Jirisan Life and Peace Alliance) of Buddhist environmental, eco-community and peace movement and has been very active in those
areas. He is considered the most respected living Buddhist monk in Korea. He was selected as one of 100 next generation leaders
of Korea (the only one from Buddhist society) by the Hankyoreh, a national daily newspaper, last week.
Rev. Lee Seon-Jong is also a highly respected nun of Won-bul-gyo(or Won Buddhism)
and she used to be head master of Jongno Wonbulgyo Temple in Seoul. She has founded and has been president of Cheon-ji-bo-eun-hoi,
an Won Buddhist environmental group. She is also considered one of the most respected living Won Buddhist monks and nuns in
Korea. She was also selected as one of 100 next generation leaders of Korea (the only one from Wonbulgyo society) by the Hankyoreh,
a national daily newspaper, last week. She is one of co-presidents of Saemangeum Life and Peace Alliance.
They will arrive in the UK on January 27th, and a tour of wetland reserves and visits to relevant organisations
(Wildfowl and Wetlands Trust, RSPB, Birdlife International, FoE (KFEM are the FoE partnes in Korea)) has been organised. MA
Yong-un and KIM Sukyung who is travelling with them both speak English, and interviews can be arranged with the group. Please
contact Charlie MOORES: mailto:email@example.com Tel.: +44 (0) 1249 464370).
Snettisham: The Snettisham RSPB Reserve is situated on the Norfolk coast of The Wash - an
area once threatened with reclamation, and with many similarities to Saemangeum. It is best-known for its large flocks of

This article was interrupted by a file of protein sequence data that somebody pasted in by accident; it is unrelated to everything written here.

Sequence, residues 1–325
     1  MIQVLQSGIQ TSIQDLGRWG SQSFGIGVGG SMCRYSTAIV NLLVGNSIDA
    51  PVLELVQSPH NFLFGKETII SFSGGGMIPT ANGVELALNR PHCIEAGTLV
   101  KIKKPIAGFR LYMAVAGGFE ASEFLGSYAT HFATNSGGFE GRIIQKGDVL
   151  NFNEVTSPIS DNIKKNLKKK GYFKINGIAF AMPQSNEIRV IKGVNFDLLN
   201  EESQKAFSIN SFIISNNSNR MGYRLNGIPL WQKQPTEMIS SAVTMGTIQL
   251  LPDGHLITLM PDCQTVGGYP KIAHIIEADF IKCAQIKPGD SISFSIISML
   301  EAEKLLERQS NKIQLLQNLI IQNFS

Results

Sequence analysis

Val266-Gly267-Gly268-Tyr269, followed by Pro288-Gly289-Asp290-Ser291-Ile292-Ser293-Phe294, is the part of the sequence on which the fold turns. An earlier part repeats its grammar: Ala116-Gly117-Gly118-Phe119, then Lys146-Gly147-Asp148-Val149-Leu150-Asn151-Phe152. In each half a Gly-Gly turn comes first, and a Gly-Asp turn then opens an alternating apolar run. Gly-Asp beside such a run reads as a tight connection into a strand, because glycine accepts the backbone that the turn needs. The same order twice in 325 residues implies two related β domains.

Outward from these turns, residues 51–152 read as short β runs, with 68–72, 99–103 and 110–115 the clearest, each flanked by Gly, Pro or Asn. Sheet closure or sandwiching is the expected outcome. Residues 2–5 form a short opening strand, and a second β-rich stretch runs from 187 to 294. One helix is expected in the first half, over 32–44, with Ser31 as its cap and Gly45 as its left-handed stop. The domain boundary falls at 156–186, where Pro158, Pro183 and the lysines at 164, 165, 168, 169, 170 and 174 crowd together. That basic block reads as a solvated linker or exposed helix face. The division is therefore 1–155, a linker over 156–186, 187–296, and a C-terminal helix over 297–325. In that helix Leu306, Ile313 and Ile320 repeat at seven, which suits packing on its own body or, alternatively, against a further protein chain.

migratory shorebirds and wildfowl. For more details please refer to
Snettisham Reserve Homepage
RSPB: The Royal Society for the Protection of Birds is based at Sandy, Bedfordshire in the UK. "Since
its founding in 1889, the RSPB has grown into a wildlife conservation charity with more than a million members. It has offices
across the UK and, since its successful first campaign to end the plumage trade, it has widened its sphere of influence to
include a huge range of issues that affect wildlife and habitats." from
World Wetlands Day: "WWD" has been held annually since 1997: for more information
If you would like more information on the event, and the tradition of samboilbae, please look here
For more information on the Saemangeum controversy, please go to here
WBKEnglish is a Korean/UK based conservation network founded in 2002 by Nial and Charlie
MOORES, and Korean activist KIM SuKyung. As the only English-language network with activists
on the ground in Korea, WBKEnglish is uniquely placed to provide up-to-date information on conservation issues within South
Korea. Much of this information is posted on their website, which is updated almost daily.
WBKEnglish and the largest Korean NGO, the Korean Federation for Environmental Movement, launched a joint online petition
in July 2003 supporting the suspension of the project, and appealing to the Minister for Foreign Affairs and Trade to finally
remove this catastrophic project from the government's agenda forever. This petition has attracted almost 12000 signatures,
and will be handed to the Korean Embassy in London at the end of the visit on Monday Feb 2nd.
The petition is online at http://www.wbkenglish.com/petition01.asp